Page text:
'Assuming that the sentence is to be regarded as one of the twenty years and subject to remission for good conduct, he has not earned remission to entitle him to discharge at the time of his application and it was therefore rightly dismissed, but in saying this, their Lordships are not to be taken as meaning that a life sentence must and in all cases be treated as one of not more than twenty years, or that the convict is necessarily entitled to remission'."

The court went on to state:

"Section 57 of the Indian Penal Code has no real bearing on the question before us. For calculating fractions of terms of punishment, the Section provides that transportation for life shall be regarded as equivalent to imprisonment for twenty years. It does not say that transportation for life shall be deemed to be transportation for twenty years for all purposes; nor does the amended Section which substitutes the words imprisonment for life for transportation for life enable the drawing of any such all embracing fiction. A sentence of transportation for life or imprisonment for life must prima facie be treated as transportation or imprisonment for the whole of the remaining period of the convicted person's natural life. " The Court also pronounced itself on the effect of remission on the life sentence and held that, unless the sentence is remitted or commuted, a prisoner is bound to serve for a life term in prison. The Court observed,

"Unless the said sentence (life imprisonment) is commuted or remitted by appropriate authority, under the relevant provisions of the Indian Penal Code or the Code of Criminal Procedure, a prisoner sentenced to life imprisonment is bound to serve the life term in prison. The rules framed under the Prisons Act enable such a prisoner to earn remission ordinary special and state and the said remissions will be given towards his term of imprisonment. For the purpose of working out remissions the sentence of transportation for life is ordinarily equated with a definite period, but only for that particular purpose and not for any other purpose. As the sentence of transportation for life or its prison equivalent, the life imprisonment, is one of indefinite duration, the remissions so earned do not in practice help such a convict as it is not possible to predict the time of his death. That is why the rules provide for a procedure to enable the appropriate Government to remit the sentence under S.401 of the Code of Criminal Procedure on a consideration of the relevant factors, including the period of remissions earn.‘”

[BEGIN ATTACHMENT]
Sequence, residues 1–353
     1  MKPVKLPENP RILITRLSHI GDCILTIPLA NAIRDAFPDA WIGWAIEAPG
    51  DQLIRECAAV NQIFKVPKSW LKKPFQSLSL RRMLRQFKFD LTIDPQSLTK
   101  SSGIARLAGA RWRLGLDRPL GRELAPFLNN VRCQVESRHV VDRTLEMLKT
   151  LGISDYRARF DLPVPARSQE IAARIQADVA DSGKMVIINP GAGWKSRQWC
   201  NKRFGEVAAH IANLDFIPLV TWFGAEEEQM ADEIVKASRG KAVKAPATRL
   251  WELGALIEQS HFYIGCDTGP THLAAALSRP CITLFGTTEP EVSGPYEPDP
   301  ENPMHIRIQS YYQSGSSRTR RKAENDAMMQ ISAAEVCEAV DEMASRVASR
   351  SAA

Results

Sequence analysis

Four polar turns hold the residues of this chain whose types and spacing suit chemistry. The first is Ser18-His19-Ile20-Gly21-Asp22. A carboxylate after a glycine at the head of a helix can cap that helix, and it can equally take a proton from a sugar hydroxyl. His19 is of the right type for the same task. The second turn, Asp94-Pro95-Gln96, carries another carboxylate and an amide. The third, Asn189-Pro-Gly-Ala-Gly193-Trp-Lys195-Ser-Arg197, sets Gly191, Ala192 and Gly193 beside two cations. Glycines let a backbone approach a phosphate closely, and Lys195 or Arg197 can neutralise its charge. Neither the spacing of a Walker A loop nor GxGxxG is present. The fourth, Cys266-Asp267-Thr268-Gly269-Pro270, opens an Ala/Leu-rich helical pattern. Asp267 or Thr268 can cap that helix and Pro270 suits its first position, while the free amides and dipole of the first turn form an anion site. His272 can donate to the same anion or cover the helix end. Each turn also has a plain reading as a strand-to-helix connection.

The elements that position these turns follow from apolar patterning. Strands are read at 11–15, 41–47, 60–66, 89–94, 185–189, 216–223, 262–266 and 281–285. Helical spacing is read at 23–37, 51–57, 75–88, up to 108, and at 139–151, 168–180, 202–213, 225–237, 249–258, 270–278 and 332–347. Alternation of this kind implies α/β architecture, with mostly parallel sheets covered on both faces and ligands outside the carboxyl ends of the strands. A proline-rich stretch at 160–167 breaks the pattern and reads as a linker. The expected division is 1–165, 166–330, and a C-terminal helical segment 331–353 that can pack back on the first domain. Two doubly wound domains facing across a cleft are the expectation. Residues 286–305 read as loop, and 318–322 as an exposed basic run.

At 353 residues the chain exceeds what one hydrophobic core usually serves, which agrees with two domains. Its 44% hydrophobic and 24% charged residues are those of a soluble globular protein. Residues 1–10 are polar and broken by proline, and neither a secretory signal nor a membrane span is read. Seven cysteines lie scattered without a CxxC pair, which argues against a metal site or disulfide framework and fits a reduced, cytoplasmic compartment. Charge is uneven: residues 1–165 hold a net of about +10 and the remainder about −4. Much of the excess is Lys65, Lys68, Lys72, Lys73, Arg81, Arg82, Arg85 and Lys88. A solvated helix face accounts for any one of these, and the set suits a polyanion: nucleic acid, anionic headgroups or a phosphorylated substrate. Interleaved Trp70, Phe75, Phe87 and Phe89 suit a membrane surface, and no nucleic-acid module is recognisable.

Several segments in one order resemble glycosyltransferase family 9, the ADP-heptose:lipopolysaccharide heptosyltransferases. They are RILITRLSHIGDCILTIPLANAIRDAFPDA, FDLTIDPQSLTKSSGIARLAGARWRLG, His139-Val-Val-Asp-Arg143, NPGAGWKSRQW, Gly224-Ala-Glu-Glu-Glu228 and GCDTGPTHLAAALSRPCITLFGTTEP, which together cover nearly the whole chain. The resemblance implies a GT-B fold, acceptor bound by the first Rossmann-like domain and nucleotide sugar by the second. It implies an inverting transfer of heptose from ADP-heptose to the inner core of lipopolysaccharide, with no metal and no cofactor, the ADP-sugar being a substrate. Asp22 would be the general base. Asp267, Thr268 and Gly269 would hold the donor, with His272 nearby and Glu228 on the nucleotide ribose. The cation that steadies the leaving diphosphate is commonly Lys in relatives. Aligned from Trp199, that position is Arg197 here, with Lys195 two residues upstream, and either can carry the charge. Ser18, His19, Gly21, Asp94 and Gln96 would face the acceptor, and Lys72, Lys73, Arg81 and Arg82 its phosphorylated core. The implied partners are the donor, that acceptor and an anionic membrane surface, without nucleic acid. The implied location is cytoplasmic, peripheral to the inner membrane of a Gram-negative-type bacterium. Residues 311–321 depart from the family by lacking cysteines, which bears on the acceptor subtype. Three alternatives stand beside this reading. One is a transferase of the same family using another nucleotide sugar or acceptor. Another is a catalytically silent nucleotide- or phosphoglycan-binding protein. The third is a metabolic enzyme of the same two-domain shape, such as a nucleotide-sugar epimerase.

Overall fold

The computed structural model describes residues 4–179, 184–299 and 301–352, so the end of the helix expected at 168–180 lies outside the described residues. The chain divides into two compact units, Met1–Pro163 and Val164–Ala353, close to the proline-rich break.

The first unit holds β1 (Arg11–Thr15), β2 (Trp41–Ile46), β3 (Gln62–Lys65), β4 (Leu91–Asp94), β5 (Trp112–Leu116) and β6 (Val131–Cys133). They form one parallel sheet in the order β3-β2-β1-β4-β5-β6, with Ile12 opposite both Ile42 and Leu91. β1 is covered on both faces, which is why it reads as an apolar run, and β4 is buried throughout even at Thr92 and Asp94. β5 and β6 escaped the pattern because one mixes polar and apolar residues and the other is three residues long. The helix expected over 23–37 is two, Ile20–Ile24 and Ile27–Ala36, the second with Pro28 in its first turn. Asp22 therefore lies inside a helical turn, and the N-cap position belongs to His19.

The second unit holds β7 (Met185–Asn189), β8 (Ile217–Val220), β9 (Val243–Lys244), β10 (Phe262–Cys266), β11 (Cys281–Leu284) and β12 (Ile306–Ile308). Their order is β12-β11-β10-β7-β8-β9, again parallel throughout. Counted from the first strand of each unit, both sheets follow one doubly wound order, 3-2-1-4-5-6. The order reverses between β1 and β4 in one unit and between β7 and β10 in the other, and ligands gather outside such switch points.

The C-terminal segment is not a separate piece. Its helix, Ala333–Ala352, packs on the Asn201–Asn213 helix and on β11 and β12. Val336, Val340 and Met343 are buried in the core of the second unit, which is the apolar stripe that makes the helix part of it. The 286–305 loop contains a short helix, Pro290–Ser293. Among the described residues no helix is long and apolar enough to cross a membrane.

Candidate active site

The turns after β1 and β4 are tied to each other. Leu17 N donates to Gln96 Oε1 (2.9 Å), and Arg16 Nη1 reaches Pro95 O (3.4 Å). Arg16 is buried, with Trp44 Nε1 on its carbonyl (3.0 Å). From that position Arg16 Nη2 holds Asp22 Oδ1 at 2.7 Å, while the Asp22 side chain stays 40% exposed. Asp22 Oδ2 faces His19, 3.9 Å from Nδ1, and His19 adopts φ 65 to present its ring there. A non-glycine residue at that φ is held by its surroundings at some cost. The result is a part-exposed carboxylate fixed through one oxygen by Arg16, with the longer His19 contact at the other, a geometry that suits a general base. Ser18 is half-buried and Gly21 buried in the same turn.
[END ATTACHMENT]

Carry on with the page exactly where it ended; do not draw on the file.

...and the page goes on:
Gopal Godse's case was relied on in the recent case of Hohd Munna Vs Union of India and Others (2006) I MLJ III (SC) to hold that life imprisonment means imprisonment for life. Other cases which followed Godse's case include Dalbir Singh and Others Vs State of Punjab (1979) 3SCC 745, State of Punjab and Others Vs Jogender Sigh and Others (1990) 2SCC 661, Ashok Kumar Vs Union of India (1991) 3SCC 49, Subash Chander Vs Krishna tal and Others (1991) 4SCC 438 and in Swamv Vs Shrddnanda Vs State of Kamataka (2008) 13 SCC 767.

We find these authorities persuasive because they are based on Statutes similar to our own laws. We hold that life imprisonment means imprisonment for the natural life term of a convict, though the actual period of imprisonment may stand reduced on account of remissions earned.

We note that in many cases in Uganda, Courts have imposed specific terms of imprisonment beyond twenty years instead of imposing life imprisonment. It would be absurd if these terms of imprisonment were held to be more severe than life imprisonment.

In the present case, the trial Judge imposed a sentence of imprisonment for life yet she qualified the sentence by limiting it to twenty years. In our view, the sentence was vague. The Court of Appeal confirmed the sentence of life imprisonment without clearing the vagueness. However, we think that this error did not make the sentence illegal. We are satisfied that the trial Judge intended to impose a sentence of imprisonment for twenty years. We therefore, find that the error made by the Court of Appeal did not occasion any miscarriage of justice. We uphold the sentence of twenty years imprisonment.


In the result, we find no merit in the appeal which is accordingly dismissed.


Dated at Kampala this 10th day of May 2011





Bart M Katureebe


J Tumwesigye


EM Kisaakye